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Pradaxa Recall

Pradaxa Recall textBoehringer Ingelheim Pharmaceuticals issued a limited voluntary recall for a single lot of their anticoagulant drug Pradaxa on November 7th, 2012. This recall only applies to 75 mg, NDC 0597-0149, lot 201900, expiration January 2015.

According to the official company statement, “This recall is being conducted due to a potential packaging defect on this lot that may compromise the bottle integrity. A damaged bottle could allow moisture to get into the bottle and, thus, may impair the quality of Pradaxa. As a consequence, a patient may not receive a fully effective dose of Pradaxa 75mg, which would increase his or her risk of experiencing an ischemic stroke. This risk is small; however, not zero. Therefore, as a precautionary measure, Pradaxa is being recalled at the patient level.”

Patients are told to continue taking the medication until a replacement becomes available. Affected bottles can be returned at the pharmacy they were purchased at for a free replacement.

Surprisingly, this has been the only Pradaxa recall to date in the United States, despite larger internal bleeding concerns that are now part of widespread litigation.

Pradaxa internal bleeding triggers litigation

Stories abound of families who say their heartache stems from a loved one’s use of Pradaxa:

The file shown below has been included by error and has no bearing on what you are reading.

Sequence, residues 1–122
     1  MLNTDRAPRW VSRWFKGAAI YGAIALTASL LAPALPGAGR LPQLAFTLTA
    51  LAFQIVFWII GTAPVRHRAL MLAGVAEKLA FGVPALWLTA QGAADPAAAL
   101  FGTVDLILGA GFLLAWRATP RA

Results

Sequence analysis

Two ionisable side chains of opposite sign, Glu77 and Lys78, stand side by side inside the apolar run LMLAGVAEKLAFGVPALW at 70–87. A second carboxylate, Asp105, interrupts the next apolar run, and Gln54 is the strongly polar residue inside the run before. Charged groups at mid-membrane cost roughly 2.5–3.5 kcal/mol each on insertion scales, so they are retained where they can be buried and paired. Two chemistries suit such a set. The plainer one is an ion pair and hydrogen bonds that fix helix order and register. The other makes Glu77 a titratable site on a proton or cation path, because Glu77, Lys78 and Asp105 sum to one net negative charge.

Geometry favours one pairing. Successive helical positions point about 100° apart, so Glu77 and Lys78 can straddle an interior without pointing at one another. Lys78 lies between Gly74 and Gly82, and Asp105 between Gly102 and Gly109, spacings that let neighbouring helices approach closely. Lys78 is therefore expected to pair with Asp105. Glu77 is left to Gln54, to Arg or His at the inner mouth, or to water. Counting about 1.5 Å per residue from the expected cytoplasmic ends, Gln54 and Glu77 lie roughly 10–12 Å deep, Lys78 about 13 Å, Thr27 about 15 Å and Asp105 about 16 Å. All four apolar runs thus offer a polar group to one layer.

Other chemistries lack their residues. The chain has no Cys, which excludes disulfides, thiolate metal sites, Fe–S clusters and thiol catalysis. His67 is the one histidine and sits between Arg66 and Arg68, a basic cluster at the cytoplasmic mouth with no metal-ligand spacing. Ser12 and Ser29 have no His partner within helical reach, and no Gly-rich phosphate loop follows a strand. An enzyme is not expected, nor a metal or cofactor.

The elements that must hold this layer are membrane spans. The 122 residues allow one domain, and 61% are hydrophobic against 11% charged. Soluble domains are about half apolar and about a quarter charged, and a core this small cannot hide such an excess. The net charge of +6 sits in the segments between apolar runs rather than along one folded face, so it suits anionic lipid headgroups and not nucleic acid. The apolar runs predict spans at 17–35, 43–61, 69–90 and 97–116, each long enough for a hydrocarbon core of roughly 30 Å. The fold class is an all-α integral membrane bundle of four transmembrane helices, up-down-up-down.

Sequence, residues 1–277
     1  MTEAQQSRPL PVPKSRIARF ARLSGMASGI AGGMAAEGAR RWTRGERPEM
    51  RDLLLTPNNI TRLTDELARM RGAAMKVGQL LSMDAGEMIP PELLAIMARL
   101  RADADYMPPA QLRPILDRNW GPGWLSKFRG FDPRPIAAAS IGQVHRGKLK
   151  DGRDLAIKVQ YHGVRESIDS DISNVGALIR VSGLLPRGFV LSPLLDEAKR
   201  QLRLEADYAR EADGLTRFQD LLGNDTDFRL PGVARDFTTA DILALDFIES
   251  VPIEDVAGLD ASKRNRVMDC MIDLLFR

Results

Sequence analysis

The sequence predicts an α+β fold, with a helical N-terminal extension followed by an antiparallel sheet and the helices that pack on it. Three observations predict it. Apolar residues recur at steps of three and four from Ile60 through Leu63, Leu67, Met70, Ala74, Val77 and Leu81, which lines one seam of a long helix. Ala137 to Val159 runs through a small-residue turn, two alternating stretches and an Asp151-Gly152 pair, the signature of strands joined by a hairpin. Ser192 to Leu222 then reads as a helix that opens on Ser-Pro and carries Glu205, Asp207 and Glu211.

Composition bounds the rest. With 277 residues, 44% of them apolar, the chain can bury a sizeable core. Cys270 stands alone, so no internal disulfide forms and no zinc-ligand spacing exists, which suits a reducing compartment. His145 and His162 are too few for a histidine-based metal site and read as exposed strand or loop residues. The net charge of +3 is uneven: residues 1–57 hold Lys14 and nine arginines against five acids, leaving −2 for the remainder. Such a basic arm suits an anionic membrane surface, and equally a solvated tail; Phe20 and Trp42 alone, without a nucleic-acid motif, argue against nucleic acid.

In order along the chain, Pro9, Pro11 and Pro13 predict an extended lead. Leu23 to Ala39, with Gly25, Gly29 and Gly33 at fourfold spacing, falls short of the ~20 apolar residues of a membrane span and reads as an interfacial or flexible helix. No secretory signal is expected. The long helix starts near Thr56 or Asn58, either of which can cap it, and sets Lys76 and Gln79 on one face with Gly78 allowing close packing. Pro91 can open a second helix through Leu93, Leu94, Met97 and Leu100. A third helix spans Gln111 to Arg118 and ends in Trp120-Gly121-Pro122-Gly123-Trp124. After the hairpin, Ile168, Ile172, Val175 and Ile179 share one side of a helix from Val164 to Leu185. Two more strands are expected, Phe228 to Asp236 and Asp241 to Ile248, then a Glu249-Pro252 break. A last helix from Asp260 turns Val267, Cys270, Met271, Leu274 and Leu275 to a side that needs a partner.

• Helen Hawkins coughed up blood and began having severe nosebleeds just after taking Pradaxa in 2011. She was hospitalized and died soon thereafter.
  • Dolores Reed died of a gastrointestinal hemorrhage just four months into her Pradaxa therapy, leaving behind two daughters.
  • Brenda Medley filed a lawsuit on behalf of her deceased husband, Howard Thomas Medley, who died 18 months into his Pradaxa therapy after suffering acute blood loss that required a blood transfusion. After three days in the hospital, he was sent home and passed away several months later.
  • Robert C. Tionoli experienced a bowel obstruction that caused internal bleeding and severe abdominal pain. Because he was taking Pradaxa at the time, his doctors could not stop the bleeding, which caused him to succumb to his injuries several months later.

History of Pradaxa internal bleeding complaints

Pradaxa first gained FDA approval in October 2010. It became the first anticoagulant drug to hit the U.S. market in 50 years. Prior to its introduction, Warfarin had been the standard therapy for patients suffering from atrial fibrillation who were at an increased risk for stroke. Many patients liked that they didn’t have to observe dietary restrictions or undergo regular blood testing to determine dosage requirements with Pradaxa. Not surprisingly, the number of prescriptions skyrocketed, with nearly 275,000 scripts written by March 2011, accounting for over $1 billion in sales.

Despite the wild success, problems were bubbling beneath the surface. In Pradaxa’s first year on the market, the U.S. Food and Drug Administration (FDA) received 932 reports of serious adverse events, including 120 deaths and 500 reports of Pradaxa internal bleeding, according to HarrisMartin.